This title centres around digital gender activism focusing on the implications that the phenomenon of online gender activism has for politics, society, culture and gender relations/dynamics.
On December 16th, 2012, Jyoti Singh, a female psychotherapy student from New Delhi was raped by six men in a moving bus while making her way home with a male friend. After 13 days spent fighting for her life, Jyoti Singh passed away. Abiding by Indian laws, Joyti’s actual name was never mentioned by the media and pseudonyms like ‘Nirbhaya’ (Hindi for fearless) were most commonly used. The brutal attack instantly triggered domestic and global criticism and widespread protests across India over the high levels of violence against Indian women and children, making it one of the biggest gender movements that the country has witnessed. The Nirbhaya case thus became a turning point in the politics of gender justice in India.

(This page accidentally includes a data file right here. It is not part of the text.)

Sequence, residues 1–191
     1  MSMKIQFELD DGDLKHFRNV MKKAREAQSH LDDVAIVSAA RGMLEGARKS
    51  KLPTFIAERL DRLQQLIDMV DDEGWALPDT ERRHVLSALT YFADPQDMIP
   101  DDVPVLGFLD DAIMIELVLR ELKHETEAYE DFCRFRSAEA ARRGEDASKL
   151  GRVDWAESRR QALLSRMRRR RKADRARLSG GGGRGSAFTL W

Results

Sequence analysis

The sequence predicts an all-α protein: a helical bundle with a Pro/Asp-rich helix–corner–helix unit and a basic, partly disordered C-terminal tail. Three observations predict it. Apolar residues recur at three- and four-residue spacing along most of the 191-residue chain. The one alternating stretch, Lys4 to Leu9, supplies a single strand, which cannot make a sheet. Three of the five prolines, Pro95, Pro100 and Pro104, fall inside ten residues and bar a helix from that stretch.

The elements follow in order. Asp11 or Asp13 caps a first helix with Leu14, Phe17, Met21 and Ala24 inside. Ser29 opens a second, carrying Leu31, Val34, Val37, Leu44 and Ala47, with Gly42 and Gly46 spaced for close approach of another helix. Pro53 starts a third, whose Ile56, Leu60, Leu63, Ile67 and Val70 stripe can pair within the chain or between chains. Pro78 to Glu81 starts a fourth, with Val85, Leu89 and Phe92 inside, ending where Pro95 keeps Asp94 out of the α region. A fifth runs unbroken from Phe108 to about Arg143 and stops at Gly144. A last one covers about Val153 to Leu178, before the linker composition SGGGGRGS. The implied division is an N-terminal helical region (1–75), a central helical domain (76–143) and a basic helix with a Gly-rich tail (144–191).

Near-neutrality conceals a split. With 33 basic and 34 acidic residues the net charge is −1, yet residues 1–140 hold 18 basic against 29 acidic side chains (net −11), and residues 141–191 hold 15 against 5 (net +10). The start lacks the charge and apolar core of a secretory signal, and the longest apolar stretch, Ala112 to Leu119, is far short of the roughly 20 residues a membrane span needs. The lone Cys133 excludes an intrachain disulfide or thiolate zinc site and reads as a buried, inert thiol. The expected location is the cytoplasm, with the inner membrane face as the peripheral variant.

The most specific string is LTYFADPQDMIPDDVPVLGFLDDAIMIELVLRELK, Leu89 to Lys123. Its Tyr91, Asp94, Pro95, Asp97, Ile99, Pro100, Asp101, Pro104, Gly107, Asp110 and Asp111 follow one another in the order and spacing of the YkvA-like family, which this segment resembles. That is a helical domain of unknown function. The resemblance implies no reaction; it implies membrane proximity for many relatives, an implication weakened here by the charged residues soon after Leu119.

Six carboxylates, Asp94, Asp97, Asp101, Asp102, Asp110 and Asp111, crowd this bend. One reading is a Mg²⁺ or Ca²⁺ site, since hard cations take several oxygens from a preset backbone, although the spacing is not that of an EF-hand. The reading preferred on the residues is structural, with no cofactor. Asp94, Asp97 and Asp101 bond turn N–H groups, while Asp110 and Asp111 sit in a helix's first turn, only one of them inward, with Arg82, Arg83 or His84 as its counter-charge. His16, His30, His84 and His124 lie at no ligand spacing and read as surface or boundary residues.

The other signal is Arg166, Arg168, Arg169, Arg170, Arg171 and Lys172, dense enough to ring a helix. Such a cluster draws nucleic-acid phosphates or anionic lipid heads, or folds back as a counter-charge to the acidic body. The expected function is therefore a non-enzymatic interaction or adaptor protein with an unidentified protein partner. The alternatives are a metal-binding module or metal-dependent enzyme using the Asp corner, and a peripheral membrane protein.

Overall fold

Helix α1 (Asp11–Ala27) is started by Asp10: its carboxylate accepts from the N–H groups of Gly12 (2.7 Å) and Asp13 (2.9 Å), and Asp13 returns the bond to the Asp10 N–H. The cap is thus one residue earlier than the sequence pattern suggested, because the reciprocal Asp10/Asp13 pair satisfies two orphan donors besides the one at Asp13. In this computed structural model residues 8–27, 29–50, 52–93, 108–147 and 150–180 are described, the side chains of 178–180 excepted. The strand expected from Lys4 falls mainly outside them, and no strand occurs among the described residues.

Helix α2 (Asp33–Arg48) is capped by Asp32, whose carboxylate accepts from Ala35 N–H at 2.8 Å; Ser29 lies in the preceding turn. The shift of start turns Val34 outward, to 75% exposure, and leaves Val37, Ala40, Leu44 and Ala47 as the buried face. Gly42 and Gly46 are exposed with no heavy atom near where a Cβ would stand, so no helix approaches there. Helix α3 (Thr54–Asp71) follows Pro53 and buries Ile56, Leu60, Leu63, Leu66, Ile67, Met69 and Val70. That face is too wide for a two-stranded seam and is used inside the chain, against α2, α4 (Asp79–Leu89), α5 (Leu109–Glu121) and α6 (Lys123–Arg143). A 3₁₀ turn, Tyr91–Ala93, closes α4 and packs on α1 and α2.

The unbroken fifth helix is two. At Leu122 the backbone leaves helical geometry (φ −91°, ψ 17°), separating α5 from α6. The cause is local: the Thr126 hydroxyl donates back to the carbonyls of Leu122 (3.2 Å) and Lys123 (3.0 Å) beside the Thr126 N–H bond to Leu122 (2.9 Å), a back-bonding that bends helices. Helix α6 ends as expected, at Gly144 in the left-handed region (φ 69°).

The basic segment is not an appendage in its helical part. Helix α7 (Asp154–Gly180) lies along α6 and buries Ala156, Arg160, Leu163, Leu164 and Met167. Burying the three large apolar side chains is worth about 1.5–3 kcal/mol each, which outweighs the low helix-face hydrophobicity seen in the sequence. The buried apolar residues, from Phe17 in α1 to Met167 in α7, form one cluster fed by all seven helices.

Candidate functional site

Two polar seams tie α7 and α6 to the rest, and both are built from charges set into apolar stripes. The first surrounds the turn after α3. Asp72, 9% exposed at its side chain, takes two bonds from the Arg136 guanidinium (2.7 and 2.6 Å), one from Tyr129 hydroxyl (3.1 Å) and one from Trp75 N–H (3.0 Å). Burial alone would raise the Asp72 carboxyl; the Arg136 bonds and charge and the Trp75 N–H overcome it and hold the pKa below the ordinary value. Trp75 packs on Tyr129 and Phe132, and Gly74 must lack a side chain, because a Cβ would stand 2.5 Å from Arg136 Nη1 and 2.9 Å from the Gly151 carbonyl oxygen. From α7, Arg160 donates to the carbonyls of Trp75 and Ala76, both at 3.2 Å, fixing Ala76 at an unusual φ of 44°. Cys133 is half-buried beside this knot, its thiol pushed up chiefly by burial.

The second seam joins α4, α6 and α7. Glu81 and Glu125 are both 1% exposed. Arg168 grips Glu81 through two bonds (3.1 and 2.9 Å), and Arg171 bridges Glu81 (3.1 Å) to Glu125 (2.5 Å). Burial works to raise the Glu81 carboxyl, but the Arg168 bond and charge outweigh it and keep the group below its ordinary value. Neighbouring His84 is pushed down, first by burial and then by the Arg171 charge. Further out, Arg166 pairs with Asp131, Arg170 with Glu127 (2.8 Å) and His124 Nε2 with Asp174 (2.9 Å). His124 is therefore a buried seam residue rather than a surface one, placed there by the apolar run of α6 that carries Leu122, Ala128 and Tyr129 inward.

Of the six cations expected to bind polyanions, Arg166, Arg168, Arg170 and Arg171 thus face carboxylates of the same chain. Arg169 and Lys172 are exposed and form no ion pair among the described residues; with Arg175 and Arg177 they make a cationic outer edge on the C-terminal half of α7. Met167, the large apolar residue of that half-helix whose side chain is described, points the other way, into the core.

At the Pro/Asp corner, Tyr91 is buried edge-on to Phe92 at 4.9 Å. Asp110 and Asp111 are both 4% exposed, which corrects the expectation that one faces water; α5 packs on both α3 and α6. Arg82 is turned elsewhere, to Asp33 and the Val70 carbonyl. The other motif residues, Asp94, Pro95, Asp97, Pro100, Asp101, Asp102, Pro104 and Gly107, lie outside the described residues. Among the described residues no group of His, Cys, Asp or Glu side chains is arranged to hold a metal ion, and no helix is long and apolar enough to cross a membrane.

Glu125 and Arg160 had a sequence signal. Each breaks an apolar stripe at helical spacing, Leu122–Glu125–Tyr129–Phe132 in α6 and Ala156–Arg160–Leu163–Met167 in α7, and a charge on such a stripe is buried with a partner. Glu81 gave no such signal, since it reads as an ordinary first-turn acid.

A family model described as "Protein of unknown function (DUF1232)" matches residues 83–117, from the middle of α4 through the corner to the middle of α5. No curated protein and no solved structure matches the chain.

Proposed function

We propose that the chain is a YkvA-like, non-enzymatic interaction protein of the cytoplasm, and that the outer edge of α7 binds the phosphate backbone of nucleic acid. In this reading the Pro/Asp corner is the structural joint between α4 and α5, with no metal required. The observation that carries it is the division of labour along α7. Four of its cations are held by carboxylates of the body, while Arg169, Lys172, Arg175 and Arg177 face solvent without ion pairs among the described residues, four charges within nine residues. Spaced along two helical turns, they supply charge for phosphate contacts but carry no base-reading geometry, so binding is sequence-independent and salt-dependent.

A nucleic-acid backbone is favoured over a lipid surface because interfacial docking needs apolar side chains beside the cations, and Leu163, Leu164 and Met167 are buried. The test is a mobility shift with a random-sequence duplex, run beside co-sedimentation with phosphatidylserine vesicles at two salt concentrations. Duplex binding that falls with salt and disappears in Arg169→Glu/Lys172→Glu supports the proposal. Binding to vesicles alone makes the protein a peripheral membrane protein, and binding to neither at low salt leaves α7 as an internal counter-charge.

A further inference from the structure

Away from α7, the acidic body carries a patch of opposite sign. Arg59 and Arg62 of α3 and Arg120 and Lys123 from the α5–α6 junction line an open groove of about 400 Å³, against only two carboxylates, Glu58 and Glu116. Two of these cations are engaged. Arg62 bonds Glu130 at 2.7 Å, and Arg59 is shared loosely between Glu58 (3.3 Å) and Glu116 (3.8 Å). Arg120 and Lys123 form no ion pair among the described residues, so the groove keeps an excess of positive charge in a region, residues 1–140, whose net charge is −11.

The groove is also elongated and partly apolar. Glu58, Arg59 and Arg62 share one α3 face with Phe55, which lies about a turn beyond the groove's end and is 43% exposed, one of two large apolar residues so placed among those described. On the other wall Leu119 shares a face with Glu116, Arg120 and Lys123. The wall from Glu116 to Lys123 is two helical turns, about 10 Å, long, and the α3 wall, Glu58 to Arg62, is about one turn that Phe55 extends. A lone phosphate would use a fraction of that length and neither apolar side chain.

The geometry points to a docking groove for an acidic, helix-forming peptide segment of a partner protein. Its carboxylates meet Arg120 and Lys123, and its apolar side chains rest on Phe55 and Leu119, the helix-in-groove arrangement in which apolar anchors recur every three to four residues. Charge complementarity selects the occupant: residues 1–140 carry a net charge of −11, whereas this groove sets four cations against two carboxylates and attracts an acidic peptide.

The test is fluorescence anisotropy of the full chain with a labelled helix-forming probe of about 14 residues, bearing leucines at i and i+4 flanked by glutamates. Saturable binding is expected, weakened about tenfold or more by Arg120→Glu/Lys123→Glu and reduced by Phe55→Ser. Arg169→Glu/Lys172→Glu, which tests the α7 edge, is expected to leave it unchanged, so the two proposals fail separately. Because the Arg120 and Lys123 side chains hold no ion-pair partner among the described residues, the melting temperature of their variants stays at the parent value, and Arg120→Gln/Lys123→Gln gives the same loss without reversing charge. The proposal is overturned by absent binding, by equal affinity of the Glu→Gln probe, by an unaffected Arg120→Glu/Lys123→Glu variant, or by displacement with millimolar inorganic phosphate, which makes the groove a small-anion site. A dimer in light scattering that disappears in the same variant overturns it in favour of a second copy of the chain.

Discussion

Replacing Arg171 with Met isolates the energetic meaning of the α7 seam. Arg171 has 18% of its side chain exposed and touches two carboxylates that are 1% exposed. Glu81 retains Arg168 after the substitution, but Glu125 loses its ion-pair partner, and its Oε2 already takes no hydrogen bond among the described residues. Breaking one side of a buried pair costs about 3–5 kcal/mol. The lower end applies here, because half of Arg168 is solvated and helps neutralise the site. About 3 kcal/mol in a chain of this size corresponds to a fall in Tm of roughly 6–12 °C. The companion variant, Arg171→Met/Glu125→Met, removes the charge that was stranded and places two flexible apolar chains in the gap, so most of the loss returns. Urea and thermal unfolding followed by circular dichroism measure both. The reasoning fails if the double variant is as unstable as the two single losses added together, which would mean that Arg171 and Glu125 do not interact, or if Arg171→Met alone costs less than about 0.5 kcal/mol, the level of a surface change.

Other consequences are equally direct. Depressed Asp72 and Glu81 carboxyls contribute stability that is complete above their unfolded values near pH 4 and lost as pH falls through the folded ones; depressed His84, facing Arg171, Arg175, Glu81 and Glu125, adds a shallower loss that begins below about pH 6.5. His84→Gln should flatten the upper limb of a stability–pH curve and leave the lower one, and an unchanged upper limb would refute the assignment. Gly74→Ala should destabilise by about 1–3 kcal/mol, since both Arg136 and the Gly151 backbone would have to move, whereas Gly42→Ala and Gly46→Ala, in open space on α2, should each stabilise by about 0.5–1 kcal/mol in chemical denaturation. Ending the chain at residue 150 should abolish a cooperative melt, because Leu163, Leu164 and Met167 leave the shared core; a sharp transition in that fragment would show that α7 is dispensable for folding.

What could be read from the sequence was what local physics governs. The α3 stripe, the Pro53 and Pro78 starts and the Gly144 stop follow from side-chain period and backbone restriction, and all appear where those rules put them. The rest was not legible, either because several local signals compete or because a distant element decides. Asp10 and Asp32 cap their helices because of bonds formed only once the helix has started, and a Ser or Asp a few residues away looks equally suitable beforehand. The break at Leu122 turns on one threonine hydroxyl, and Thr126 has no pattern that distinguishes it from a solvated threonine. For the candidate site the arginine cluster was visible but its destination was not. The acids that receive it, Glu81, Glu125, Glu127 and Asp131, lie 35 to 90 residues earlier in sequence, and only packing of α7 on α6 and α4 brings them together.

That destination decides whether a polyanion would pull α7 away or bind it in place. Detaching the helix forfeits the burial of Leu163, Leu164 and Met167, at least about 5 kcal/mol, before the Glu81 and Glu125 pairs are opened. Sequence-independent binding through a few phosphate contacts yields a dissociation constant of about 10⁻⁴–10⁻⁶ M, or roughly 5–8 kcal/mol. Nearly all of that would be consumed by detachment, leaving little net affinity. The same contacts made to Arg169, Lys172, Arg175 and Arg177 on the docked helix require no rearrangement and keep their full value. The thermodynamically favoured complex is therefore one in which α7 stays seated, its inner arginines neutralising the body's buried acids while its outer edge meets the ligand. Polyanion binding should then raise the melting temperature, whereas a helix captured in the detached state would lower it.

The Nationwide protests that followed the case also witnessed one of the first and most extensive uses of digital technologies for activism in India having far reaching changes in how gender activism is conducted. Keeping the Nibhaya case at its core, this book explores and attempts to understand experiences and social constructs and investigate the use of digital technologies and social media by civil society actors, activists and organisations specifically for gender activism in India.